Ah the irony, right? The one day in months and months we actually plan a beach day…oh how the weather gods must have chuckled.

But we had the last laugh. We braved the mist and clouds, and were rewarded for our efforts:

Lovely.  My reward for finishing NaBloPoMo – a blog post a day – and for honoring the promise I made to my mom, of keeping her company in going cheese-free. (Full disclosure: she fell of the wagon on election night, when it was clear the good guys were going to win; and I had one little run-in with a gooey, stinky, rosemary-wrapped Boucheron. But mostly we stayed off the hard stuff.)  Not sure why, in the long run, we went cheese-free, but at least we proved to ourselves that we can, in fact, live without cheese. Life just isn’t quite as interesting.

Driving home from the beach, we saw all decorations up for National Day:  the city’s buildings are wrapped in lights and the cars are wrapped in images of Sheikh Zayed and the colors of the UAE flag – it’s all very festive and vaguely Christmasy because of the red and green everywhere. The country is a whopping 41 years old on Sunday and people are planning picnics and parades in celebration.

I just hope it doesn’t rain.

 

Continue Reading · on November 30, 2012 in Abu Dhabi, NaBloPoMo, UAE

National Day: The Big Four-Oh

Today, December 2, is the 40th anniversary of the founding of the United Arab Emirates.  Before this historic union, the various tribes (each of whom would come to govern an emirate) were busy trying to kill each other, take each others’ camels, pearls, and women (in descending order of importance, duh), and generally not getting along.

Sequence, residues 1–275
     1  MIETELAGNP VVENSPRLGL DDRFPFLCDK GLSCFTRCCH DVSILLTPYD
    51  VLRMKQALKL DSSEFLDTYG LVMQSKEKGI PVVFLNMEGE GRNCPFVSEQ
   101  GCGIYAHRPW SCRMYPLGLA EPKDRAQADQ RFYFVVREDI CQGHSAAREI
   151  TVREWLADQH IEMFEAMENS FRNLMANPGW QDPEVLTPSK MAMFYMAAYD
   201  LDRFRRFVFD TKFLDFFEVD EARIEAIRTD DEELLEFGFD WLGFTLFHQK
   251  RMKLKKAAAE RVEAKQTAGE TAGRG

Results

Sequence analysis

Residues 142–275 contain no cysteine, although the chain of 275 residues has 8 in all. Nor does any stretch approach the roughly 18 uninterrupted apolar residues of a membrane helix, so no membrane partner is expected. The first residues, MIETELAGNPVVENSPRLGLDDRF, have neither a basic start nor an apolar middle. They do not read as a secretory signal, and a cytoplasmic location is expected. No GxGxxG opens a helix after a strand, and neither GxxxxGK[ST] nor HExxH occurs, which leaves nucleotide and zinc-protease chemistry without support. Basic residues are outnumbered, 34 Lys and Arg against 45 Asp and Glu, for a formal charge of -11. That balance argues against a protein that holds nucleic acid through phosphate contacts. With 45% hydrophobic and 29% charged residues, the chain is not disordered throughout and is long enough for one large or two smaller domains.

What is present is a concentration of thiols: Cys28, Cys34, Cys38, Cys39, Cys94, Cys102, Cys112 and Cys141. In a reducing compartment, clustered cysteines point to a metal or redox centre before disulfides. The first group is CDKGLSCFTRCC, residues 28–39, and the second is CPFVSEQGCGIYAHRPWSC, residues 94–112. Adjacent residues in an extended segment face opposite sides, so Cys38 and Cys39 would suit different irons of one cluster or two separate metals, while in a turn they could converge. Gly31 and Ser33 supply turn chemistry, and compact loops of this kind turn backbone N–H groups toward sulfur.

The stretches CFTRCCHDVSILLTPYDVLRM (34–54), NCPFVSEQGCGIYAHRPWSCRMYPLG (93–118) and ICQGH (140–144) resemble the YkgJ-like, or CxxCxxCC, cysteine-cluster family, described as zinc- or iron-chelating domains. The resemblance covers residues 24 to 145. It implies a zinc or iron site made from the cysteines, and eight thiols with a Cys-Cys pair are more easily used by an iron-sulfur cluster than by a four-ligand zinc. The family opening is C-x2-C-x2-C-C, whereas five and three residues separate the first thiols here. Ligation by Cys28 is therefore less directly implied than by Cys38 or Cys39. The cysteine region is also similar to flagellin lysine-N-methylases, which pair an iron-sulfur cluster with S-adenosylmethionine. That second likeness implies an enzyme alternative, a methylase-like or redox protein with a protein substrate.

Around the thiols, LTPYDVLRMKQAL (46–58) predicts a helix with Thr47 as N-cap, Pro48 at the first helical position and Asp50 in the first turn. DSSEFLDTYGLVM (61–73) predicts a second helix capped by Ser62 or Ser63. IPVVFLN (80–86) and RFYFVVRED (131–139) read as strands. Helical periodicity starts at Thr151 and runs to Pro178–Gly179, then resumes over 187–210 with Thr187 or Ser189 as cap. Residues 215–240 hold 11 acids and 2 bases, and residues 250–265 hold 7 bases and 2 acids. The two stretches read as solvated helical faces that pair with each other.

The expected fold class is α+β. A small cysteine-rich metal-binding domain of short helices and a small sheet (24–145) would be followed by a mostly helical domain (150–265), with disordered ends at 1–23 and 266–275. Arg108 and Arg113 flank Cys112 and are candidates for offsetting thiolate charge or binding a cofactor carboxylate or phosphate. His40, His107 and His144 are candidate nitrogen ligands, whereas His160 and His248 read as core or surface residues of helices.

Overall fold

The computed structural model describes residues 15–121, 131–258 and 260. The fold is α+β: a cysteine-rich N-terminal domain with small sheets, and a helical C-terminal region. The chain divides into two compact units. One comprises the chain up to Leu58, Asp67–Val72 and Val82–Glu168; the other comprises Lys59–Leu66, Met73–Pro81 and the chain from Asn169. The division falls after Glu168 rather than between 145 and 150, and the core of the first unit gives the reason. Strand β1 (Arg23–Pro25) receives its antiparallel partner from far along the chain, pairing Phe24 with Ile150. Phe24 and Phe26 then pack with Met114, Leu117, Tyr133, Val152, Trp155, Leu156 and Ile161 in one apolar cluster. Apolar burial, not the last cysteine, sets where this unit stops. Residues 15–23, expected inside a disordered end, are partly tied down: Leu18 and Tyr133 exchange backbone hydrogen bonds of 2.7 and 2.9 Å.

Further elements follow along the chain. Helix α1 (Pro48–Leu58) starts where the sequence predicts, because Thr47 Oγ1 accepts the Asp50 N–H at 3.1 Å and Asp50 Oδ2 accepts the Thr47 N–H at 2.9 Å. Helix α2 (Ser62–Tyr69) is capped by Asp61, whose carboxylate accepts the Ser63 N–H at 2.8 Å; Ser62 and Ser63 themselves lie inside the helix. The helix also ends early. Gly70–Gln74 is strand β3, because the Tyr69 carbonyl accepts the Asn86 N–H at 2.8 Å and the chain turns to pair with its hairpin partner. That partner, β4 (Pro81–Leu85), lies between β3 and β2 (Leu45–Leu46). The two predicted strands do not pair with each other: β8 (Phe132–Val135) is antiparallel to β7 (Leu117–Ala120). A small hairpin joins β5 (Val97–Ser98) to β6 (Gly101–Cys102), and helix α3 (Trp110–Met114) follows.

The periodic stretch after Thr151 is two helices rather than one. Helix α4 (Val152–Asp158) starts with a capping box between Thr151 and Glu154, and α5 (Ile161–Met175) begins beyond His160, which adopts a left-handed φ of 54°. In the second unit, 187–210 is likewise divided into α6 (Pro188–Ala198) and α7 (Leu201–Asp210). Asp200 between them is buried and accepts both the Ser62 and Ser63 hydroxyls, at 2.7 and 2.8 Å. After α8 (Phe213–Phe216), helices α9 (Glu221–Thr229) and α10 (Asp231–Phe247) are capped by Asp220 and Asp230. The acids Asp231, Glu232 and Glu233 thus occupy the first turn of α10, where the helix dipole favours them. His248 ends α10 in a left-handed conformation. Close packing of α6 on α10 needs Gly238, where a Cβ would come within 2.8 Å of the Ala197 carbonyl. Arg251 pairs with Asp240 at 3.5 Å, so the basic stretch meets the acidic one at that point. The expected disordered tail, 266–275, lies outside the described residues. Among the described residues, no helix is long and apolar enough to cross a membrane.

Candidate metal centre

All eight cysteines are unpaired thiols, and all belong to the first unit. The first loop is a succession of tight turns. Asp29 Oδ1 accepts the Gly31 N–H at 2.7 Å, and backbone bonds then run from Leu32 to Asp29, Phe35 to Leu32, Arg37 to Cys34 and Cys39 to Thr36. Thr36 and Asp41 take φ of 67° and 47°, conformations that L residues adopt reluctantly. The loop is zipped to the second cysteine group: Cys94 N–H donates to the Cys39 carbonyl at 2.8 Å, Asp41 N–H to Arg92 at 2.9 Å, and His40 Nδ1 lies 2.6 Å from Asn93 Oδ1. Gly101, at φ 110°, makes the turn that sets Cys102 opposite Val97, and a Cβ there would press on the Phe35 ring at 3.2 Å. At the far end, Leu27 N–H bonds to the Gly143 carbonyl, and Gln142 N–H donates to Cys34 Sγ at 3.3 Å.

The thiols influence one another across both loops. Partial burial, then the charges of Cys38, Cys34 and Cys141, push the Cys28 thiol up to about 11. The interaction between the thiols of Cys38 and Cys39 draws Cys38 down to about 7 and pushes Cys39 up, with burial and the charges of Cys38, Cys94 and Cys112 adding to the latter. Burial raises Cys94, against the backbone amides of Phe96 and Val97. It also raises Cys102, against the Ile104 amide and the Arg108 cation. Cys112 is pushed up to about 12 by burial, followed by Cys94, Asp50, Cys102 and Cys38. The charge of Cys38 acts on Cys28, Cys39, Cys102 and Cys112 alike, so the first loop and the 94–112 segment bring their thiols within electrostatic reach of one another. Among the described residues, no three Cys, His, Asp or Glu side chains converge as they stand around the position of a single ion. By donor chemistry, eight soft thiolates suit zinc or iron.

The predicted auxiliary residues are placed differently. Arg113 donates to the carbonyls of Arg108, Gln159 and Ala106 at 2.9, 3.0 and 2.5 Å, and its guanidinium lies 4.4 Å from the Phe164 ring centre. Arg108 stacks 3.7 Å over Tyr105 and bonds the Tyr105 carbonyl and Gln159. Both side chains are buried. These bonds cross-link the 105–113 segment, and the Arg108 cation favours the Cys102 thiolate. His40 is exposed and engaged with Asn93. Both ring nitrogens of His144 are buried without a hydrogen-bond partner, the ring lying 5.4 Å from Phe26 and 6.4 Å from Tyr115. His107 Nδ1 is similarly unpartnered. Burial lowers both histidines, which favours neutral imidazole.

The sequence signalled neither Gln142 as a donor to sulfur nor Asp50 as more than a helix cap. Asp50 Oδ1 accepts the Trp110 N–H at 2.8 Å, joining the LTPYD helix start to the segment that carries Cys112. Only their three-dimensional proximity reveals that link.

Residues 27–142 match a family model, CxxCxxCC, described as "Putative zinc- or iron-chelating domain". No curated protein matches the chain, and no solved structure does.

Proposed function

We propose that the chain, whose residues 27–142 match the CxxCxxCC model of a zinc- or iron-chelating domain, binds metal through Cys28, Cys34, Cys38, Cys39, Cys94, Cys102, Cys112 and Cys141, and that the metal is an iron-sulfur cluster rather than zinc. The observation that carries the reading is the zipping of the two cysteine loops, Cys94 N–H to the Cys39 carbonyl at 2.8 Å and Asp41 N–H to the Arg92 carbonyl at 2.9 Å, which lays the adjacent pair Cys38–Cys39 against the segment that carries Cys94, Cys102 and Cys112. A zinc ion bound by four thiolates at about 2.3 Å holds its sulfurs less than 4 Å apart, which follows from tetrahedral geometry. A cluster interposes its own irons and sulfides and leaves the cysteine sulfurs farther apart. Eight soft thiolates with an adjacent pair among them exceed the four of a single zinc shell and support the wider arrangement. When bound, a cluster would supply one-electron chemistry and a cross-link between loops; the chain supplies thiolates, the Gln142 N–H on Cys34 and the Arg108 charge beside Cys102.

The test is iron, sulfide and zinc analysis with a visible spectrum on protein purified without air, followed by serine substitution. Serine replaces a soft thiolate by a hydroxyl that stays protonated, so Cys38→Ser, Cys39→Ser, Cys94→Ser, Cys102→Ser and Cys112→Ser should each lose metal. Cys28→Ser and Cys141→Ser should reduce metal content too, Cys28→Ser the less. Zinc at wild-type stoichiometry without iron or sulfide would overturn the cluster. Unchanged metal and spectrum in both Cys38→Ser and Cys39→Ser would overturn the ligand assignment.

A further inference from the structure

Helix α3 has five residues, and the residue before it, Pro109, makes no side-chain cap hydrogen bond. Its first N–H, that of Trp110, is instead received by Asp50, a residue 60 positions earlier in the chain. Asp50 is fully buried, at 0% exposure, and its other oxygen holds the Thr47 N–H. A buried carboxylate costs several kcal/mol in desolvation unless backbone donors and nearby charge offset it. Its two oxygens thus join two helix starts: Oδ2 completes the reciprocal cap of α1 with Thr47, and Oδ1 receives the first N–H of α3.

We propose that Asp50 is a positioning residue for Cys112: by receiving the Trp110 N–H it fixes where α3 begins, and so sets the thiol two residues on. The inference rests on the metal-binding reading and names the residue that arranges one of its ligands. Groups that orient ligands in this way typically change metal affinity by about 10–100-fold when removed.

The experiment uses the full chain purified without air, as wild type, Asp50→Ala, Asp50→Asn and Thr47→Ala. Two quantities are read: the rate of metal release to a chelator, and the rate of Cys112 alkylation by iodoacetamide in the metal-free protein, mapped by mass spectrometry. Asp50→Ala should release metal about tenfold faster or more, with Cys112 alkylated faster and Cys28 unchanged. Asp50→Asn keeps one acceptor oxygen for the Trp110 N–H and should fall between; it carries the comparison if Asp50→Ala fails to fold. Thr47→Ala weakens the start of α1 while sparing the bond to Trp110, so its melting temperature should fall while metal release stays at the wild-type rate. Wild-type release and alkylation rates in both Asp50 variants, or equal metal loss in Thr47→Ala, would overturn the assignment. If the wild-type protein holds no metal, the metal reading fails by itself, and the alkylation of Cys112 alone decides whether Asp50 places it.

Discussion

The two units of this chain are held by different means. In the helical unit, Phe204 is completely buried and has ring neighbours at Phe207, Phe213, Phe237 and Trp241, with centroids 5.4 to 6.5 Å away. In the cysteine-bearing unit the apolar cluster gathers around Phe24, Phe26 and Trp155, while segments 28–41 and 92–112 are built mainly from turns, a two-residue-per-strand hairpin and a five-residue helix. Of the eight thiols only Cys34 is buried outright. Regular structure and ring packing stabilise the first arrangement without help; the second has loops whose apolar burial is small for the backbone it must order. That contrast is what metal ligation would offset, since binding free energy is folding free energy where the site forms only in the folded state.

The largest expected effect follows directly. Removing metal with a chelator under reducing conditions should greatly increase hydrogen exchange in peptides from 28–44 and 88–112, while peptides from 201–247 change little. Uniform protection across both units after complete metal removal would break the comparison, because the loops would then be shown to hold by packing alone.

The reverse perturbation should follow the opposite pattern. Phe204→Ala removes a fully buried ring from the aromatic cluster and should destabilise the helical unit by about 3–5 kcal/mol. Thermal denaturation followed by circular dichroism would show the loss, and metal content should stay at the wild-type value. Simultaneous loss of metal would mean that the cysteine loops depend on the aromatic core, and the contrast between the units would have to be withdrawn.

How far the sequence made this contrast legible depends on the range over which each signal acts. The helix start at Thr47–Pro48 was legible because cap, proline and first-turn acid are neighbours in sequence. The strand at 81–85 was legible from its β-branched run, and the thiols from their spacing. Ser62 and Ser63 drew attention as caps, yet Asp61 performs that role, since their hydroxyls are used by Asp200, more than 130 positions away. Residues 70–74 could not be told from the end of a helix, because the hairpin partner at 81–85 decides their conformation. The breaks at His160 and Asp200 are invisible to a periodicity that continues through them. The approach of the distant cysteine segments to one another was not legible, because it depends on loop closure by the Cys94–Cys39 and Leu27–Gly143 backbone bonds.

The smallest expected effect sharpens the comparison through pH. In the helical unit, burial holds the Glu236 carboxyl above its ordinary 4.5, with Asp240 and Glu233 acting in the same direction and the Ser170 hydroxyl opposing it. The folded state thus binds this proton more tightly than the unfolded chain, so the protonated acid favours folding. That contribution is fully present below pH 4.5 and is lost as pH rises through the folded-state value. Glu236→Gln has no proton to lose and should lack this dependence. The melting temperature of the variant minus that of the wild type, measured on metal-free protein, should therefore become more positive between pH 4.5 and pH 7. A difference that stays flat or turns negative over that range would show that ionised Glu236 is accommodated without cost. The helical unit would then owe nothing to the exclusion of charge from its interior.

I’ve been thinking today about being in the United States on its 40th anniversary. What do you suppose these post-colonials did to celebrate their historic break-up with George III?  In 1816, the US would’ve been recovering from the War of 1812. Maybe there would have been, what, readings of the constitution? Mugs of hard cider or ale passed around? Dancing in the town square? Do you suppose anyone painted a picture of the US flag on his wagon, or on the side of his barn?

The union of the Arab States, formerly known as the Trucial States (because they’d formed a truce with Britain), marked a seismic shift in this part of the world. For the first time, these warring tribes would figure out how to work together. Led by Sheikh Zayed bin Sultan al Nayhan, seven sheikhs came together to create a new entity, independent from the British. These seven countries–Sharjah, Dubai, Ras-al-Kaimah, Abu Dhabi, Fujeirah, Umm al-Qaiwaim, Ajman–form the UAE; Qatar, Oman, Saudi Arabia, and Bahrain all opted out of the union. Sheikh Zayed, who was by all accounts a fairly remarkable man, brokered the deal that led to the British ceasing to govern but continuing to work the newly discovered oil fields (and tithing a very high percentage of their oil contracts to the new country).

Zayed became the first ruler of the UAE; he’s like George Washington and King Arthur rolled into one. But unlike those national icons, who have been dead for centuries, Zayed only died in 2004, after governing for almost thirty years. He’s a legend who people here have worked with, who still exists in popular memory. Abu Dhabi and the UAE itself are incredibly young entities: everything I see as I walk on the streets has been built in the last half-century.  And yet, of course, this part of the world and the religion that undergirds everything  are incredibly ancient.